The bitcoin price crashed below the $11,000 mark on Thursday, extending the vicious sell-off that began the previous day.
A suddenly-heavy BTC had struggled to defend the $12,000 mark for much of the morning, and around 12:00 pm ET traders capitulated to the stifling downward pressure.
In just 25 minutes, the bitcoin price careened from $11,751 all the way down to $10,800 on Bitstamp, setting a new intraday low and putting the flagship cryptocurrency dangerously close to the psychologically-significant $10,000 level.
The 8% slide added to yesterday’s mid-day bloodbath, which served as a painful reminder that parabolic price rallies are often followed by sell-offs that are equally as swift.
On Wednesday, a red-hot BTC soared as high as $13,880, leading bulls to hike their year-end price targets and proclaim that the market would reach a new all-time high sooner rather than later.
Mati Greenspan, a senior market analyst at eToro, had warned euphoric investors to prepare themselves for a 20% bitcoin price crash, the inevitable result of the market’s feverish rally.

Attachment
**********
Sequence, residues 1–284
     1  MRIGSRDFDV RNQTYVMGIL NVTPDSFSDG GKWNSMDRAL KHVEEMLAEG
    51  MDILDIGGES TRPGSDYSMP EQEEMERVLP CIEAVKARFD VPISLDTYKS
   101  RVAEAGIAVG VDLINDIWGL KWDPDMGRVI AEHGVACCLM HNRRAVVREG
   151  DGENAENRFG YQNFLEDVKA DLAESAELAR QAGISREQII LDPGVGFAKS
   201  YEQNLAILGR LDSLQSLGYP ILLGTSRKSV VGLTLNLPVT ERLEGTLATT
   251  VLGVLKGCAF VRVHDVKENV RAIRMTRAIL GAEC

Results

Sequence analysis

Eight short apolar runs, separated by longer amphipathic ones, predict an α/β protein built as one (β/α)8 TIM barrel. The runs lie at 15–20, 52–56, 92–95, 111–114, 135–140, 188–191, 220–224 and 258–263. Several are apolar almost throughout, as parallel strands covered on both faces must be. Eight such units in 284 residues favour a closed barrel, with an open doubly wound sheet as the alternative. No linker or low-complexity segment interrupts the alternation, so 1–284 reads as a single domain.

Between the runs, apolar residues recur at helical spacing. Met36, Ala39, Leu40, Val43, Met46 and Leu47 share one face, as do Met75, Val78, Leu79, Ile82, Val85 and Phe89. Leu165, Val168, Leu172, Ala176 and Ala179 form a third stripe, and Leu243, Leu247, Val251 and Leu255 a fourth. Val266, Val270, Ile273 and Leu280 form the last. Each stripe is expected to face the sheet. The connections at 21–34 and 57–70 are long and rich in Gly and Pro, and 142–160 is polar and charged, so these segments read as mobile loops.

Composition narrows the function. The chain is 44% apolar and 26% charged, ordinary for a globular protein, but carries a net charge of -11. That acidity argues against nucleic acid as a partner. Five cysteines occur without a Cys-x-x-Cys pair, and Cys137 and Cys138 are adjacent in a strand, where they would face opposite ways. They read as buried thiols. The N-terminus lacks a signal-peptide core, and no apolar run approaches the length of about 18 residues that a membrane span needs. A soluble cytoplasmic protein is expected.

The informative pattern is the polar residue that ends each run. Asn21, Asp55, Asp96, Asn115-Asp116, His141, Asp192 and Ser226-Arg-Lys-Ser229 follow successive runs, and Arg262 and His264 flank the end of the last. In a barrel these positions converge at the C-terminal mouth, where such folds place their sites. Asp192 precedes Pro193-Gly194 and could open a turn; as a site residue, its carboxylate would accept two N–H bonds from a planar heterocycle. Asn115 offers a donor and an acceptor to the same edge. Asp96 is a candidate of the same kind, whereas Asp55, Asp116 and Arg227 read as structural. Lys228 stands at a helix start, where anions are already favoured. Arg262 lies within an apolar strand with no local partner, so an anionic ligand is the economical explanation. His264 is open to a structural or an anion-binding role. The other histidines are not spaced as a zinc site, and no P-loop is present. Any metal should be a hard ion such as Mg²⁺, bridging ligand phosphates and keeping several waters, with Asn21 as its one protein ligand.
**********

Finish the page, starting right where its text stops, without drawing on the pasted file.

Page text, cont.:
Little could he have known how quickly that sell-off would materialize. Just hours later, BTC plunged more than $1,500 in a matter of minutes, and the frenzy proved too much for major crypto exchange Coinbase’s servers to handle the load.
In less than 24 hours, the bitcoin price shaved more than $3,000 off its meteoric 2019 ascent, though it has since experienced a minor recovery. The cryptocurrency last traded at $11,149, dropping its market cap slightly below the $200 billion threshold.
Notably, the pullback occurred just before what is expected to be the “largest [cryptocurrency] derivatives expiry on record,” which is scheduled to take place on Friday.
Remarkably, bitcoin continues to post enormous weekly gains, having climbed more than 18% over the past seven days. Ethereum has also gained more than 10% for the period, while virtually every other major cryptocurrency has suffered significant losses.
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Last modified: June 23, 2020 7:37 PM UTC